World Library  
Flag as Inappropriate
Email this Article

Witness Mangwende

Article Id: WHEBN0001583514
Reproduction Date:

Title: Witness Mangwende  
Author: World Heritage Encyclopedia
Language: English
Subject: Ministry of Foreign Affairs (Zimbabwe), Aeneas Chigwedere, Simon Muzenda, Zimbabwean politicians, List of Zimbabweans
Publisher: World Heritage Encyclopedia

Witness Mangwende

Witness Pasichigare Mangwende
Minister of Foreign Affairs of Zimbabwe
In office
1 January 1981 – 22 December 1987
President Canaan Banana
Prime Minister Robert Mugabe
Preceded by Simon Muzenda
Succeeded by Nathan Shamuyarira
Minister of Information, Posts & Telecommunications (Zimbabwe)
In office
22 December 1987 – 15 April 1991
President Canaan Banana
Prime Minister Robert Mugabe
Succeeded by Witness Mangwende
Minister of Lands, Agriculture and Rural Resettlement of Zimbabwe
In office
1 January 1991 – 22 December 1994
Minister of Education and Culture of Zimbabwe
In office
1 January 1995 – 1 January 2002
Minister of Transport & Communication of Zimbabwe
In office
1 January 2002 – 1 February 2004
Governor and Resident Minister for Harare Metropolitan Province
In office
1 February 2004 – 26 February 2005
Personal details
Born (1946-08-15)15 August 1946
Southern Rhodesia
Died 26 February 2005(2005-02-26) (aged 58)
Nationality Zimbabwean
Political party ZANU-PF
Spouse(s) Eben Yananiso Mangwende (nee=Takavarasha)
Alma mater University of Zimbabwe, University of Southampton, London School of Economics
Occupation Politician
Profession Diplomat

Witness Pasichigare Magunda Mangwende (August 15, 1946 – February 26, 2005) was a Zimbabwean politician who served as head of several government ministries in the Mugabe administration, and as provincial governor for Harare.

Mangwende began his political career as a student leader at the University of Rhodesia. He also studied in the United Kingdom at the University of Southampton and earned a Ph.D. in international relations from the London School of Economics.

He became Deputy Foreign Minister upon Zimbabwe's independence in 1980. He was promoted to Foreign Minister in 1981, and held that post until 1987. He later was head of several other ministries, including Education, Agriculture, and Information. In 2004, he was appointed governor of Harare, the capital of Zimbabwe, a post he held until his death in February 2005. Upon his death, he was declared a national hero by the Politburo of Zanu-PF, Zimbabwe's majority party, and buried with military honors.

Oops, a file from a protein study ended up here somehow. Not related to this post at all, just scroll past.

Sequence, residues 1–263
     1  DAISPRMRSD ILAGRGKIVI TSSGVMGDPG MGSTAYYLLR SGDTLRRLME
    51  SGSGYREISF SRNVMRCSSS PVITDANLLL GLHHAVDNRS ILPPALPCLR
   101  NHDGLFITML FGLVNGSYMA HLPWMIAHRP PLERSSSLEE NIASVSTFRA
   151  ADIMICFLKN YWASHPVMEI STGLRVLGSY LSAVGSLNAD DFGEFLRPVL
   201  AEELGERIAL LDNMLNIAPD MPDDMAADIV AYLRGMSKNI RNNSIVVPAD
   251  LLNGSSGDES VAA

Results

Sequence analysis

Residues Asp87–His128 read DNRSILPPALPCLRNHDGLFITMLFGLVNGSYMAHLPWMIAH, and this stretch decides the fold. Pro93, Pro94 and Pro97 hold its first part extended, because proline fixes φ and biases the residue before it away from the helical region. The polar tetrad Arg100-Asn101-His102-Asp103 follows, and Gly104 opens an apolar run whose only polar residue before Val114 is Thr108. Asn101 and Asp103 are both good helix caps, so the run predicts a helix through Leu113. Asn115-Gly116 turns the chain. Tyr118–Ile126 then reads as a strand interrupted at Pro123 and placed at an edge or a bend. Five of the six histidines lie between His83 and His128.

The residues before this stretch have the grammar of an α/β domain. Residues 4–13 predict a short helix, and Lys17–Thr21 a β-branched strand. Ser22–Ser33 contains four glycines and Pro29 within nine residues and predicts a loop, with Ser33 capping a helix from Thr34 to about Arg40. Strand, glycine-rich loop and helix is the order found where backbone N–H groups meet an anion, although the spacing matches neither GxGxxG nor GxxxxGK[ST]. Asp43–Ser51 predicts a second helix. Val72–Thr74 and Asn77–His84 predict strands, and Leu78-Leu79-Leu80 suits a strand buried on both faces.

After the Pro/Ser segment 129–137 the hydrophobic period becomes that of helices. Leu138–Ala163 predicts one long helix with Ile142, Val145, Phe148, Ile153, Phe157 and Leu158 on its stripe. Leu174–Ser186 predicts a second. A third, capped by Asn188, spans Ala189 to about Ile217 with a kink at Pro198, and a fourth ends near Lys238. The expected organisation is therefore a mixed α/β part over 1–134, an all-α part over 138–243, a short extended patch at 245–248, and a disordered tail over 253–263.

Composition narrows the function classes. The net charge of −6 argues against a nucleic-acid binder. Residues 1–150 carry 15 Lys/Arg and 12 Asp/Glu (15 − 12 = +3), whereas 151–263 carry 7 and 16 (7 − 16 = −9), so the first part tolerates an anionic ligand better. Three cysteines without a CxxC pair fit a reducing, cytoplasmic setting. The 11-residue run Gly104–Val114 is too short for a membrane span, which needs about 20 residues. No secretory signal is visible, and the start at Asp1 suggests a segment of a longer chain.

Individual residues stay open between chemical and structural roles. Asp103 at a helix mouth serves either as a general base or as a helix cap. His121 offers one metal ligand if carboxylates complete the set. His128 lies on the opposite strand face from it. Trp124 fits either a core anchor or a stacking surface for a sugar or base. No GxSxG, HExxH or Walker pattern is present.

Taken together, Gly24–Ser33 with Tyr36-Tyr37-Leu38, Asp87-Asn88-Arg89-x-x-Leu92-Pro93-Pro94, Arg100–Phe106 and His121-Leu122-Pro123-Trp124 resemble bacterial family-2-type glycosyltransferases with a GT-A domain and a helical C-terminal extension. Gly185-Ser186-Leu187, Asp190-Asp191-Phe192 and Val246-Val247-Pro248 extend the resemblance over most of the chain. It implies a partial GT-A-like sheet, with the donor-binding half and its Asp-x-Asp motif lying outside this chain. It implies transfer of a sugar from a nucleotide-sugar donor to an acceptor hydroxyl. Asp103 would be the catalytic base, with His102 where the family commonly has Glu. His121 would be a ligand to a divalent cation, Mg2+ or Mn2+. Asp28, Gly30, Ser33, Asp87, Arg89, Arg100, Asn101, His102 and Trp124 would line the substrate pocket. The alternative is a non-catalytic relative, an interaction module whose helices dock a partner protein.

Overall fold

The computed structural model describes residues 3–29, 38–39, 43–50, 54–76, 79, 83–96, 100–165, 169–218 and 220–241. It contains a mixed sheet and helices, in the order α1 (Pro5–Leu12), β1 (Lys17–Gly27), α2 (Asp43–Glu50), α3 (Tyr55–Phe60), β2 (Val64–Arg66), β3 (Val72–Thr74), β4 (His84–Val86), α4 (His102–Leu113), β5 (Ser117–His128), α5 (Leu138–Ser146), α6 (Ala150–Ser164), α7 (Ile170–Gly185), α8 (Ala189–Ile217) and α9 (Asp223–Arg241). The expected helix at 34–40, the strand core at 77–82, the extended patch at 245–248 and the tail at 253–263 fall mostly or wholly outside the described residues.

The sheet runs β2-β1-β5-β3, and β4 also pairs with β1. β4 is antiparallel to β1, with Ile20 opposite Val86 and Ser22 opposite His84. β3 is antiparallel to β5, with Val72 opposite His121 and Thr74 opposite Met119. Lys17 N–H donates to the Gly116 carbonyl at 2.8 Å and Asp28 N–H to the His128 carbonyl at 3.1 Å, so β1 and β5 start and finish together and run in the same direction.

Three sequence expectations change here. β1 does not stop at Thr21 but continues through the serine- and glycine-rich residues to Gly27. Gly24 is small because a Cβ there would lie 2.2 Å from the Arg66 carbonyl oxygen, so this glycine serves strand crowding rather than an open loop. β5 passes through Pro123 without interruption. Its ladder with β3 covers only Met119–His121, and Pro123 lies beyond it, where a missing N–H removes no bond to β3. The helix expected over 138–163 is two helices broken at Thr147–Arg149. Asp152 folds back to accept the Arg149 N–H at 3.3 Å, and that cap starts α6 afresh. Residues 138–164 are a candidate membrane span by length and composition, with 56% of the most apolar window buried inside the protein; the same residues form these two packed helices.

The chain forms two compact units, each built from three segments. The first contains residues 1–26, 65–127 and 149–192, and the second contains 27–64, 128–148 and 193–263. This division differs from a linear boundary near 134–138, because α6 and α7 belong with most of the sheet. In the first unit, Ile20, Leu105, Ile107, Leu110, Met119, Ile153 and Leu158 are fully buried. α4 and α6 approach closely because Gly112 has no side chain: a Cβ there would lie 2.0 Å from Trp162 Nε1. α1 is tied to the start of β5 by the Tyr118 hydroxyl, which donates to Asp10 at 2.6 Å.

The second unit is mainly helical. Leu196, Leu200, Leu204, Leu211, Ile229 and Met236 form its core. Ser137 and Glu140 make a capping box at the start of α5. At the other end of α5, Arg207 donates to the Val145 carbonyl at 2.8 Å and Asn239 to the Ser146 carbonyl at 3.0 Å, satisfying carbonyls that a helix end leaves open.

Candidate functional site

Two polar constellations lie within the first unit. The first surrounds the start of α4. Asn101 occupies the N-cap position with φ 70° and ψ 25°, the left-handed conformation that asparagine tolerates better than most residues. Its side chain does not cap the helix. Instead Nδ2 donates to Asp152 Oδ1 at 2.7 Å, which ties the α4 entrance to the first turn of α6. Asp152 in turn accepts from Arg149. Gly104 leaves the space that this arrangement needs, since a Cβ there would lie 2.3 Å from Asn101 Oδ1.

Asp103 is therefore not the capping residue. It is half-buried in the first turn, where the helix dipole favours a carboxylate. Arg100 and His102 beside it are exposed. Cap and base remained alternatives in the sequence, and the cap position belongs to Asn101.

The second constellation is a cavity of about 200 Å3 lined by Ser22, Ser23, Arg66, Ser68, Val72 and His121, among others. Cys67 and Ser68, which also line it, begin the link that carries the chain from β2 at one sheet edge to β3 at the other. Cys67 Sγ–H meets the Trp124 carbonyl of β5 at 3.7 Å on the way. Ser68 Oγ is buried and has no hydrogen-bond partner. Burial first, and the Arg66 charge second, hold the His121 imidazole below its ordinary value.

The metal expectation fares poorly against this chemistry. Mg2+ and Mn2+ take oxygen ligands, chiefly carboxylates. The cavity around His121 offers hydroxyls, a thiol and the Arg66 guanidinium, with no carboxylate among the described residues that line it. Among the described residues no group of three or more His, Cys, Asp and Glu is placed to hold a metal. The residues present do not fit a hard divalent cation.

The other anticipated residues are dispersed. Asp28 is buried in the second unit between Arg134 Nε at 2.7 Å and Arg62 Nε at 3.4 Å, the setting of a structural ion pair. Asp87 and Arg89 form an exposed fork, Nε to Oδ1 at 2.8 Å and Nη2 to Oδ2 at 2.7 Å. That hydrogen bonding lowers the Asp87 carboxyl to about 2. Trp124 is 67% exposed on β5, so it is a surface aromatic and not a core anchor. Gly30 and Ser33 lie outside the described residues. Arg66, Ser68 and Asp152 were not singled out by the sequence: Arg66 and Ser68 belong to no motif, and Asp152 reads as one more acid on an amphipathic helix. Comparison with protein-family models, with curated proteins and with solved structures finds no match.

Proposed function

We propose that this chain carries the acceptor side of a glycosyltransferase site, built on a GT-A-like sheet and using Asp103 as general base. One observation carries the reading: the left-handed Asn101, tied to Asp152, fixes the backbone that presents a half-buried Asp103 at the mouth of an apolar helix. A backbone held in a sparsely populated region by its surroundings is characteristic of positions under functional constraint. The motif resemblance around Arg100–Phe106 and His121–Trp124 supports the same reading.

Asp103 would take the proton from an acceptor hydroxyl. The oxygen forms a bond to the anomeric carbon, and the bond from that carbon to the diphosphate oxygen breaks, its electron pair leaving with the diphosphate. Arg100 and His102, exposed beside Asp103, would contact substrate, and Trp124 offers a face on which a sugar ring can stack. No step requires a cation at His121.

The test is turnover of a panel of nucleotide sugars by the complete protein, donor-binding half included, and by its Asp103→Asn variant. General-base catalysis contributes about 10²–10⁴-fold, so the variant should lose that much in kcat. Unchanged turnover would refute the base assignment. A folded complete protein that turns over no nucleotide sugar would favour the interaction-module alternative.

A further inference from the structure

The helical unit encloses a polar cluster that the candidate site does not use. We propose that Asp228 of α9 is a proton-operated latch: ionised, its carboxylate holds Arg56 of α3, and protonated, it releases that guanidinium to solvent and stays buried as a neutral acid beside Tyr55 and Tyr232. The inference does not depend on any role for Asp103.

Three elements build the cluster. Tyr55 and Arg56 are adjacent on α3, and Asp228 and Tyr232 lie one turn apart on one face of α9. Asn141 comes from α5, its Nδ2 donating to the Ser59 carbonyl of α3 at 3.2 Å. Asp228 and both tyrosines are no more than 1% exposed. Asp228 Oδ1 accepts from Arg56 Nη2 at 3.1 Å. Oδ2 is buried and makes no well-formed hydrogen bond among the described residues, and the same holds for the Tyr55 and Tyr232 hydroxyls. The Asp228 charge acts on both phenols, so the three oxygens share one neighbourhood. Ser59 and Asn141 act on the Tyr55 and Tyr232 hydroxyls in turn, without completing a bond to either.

This article was sourced from Creative Commons Attribution-ShareAlike License; additional terms may apply. World Heritage Encyclopedia content is assembled from numerous content providers, Open Access Publishing, and in compliance with The Fair Access to Science and Technology Research Act (FASTR), Wikimedia Foundation, Inc., Public Library of Science, The Encyclopedia of Life, Open Book Publishers (OBP), PubMed, U.S. National Library of Medicine, National Center for Biotechnology Information, U.S. National Library of Medicine, National Institutes of Health (NIH), U.S. Department of Health & Human Services, and, which sources content from all federal, state, local, tribal, and territorial government publication portals (.gov, .mil, .edu). Funding for and content contributors is made possible from the U.S. Congress, E-Government Act of 2002.
Crowd sourced content that is contributed to World Heritage Encyclopedia is peer reviewed and edited by our editorial staff to ensure quality scholarly research articles.
By using this site, you agree to the Terms of Use and Privacy Policy. World Heritage Encyclopedia™ is a registered trademark of the World Public Library Association, a non-profit organization.

Copyright © World Library Foundation. All rights reserved. eBooks from Project Gutenberg are sponsored by the World Library Foundation,
a 501c(4) Member's Support Non-Profit Organization, and is NOT affiliated with any governmental agency or department.